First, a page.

Greek Revival Architecture: The Basics

October 9th, 2019

By Amy Pepe, Visitor Services Manager and Public Programs Manager at Rose Hill Mansion and Johnston House

Rose Hill Mansion is considered to be one of the finest examples of Greek Revival Architecture in the United States. Greek Revival refers to a style of architecture popular in the United States from roughly 1820 to 1860. Rose Hill Mansion, completed in 1839, fits squarely in middle of Greek Revival popularity in the United States.

Although there are examples of Greek Revival style architecture from early 19th century Europe, the style became much more widespread in the United States. In fact, “Jacksonian era Americans idolized the form, applying it to everything from churches, to courthouses, to office buildings, to homes, to privies, even to bird boxes.”

circular building with a dome and columns

Jefferson Memorial, Washington, DC

After the Revolutionary War, with democracy taking hold in America, early American leaders were heavily influenced by Roman and Greek architecture. The Classical Revival and Greek Revival forms emerged out of this influence. For example, Greek temples, with their columns, symmetrical organization, and gently pitched roof, are the models for many structures in Washington D.C.

State capitols throughout the eastern United States feature civic buildings in the Greek Revival style although the form was very popular for churches, plantation houses, and more modest private homes as well. The form became so widespread that it eventually became known as the national style.

There are a number of primary exterior characteristics that define and help us recognize Greek Revival homes.

Made primarily out of wood and stucco, the exteriors of Greek Revival residences are almost always painted white, mimicking marble found on more elaborate structures.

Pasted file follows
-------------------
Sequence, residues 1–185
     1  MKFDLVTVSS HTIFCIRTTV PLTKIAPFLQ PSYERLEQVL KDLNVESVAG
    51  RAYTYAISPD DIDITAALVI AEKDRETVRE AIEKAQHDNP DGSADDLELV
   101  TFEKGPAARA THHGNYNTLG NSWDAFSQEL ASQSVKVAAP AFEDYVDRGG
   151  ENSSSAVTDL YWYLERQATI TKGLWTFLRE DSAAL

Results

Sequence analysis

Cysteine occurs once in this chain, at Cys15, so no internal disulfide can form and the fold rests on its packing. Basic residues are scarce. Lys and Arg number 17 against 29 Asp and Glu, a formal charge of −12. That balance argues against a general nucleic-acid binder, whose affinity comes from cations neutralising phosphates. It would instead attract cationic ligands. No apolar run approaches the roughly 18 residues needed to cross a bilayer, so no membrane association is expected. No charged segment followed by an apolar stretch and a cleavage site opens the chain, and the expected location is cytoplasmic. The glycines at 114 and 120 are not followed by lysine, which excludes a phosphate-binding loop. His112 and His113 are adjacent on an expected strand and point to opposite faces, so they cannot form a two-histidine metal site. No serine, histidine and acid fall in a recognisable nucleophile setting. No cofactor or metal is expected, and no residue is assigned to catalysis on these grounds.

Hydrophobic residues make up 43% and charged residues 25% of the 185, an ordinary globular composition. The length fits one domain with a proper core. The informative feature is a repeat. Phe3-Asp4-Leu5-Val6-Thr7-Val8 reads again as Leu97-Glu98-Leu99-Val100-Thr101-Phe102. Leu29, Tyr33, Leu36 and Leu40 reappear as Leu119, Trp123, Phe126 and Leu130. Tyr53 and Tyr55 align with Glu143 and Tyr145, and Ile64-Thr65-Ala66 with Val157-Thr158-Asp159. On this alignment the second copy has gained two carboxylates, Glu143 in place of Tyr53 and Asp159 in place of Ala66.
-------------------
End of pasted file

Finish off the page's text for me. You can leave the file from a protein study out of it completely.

Decorative 3-part windows on the front facing side of Rose Hill Mansion

Windows are double-hung 6-pane over 6-pane throughout the house, with the exception of the front facing side of the house which typically features decorative three-part windows.

Most also include decorative molding called cornices near the roof line.

Probably the most easily recognizable and visually striking characteristic of Greek Revival homes is the columns. These can be round, square, or even octagonal and are most commonly Doric columns on a porch. The front facing side of Rose Hill mansion features six round Ionic columns with fluting and is very similar to the columns on the Erechtheum, a temple on the Acropolis in Athens.



Temple ruins

Erechtheum Temple, Athens



Close up of fluted Ionic column at Rose Hill Mansion








The recessed front door on Rose Hill Mansion





Elaborate, recessed front doors are another common feature, also seen on Rose Hill Mansion.

Stay tuned for future blog posts about other aspects of Greek Revival architecture in the United States!




Additional Resources


  1. Cole, Regina. “House Styles 101: The Greek Revival, America’s First Architectural Style.”
  2. Lippincott, Kerry. Rose Hill Mansion: From Progressive Farm to Historic House Museum. 2018.
  3. Wirtz, H. Edmond; Roenke, H. Merrill Jr. Rose Hill A Greek Revival Mansion: History and Restoration. 1984.
  4. “Historic Styles / Greek Revival 1825-1860.”
  5. “The Greek Revival Style: Historical Background.”

3 responses to “Greek Revival Architecture: The Basics”

  1. Carol Marvin Shelly says:

    A wonderfully informative way to spend a day plus reviewing what we have to see and learn from in the Finger Lakes area.

    My grandma Cook was a young girl at Rose Hill Farm. It’s always fun to read about the mansion.

    In providing these options, you take our minds off the virus and give us pleasure!

  2. Carol Marvin Shelly says:

    By the by, Grandma Cook’s maiden name was May Martin Smith…Martin Smith’s daughter.

    1. Anne Dealy says:

      Thank you for the information. I will send it on to our archivist. Make sure you also read this post about the Smiths at Rose Hill.

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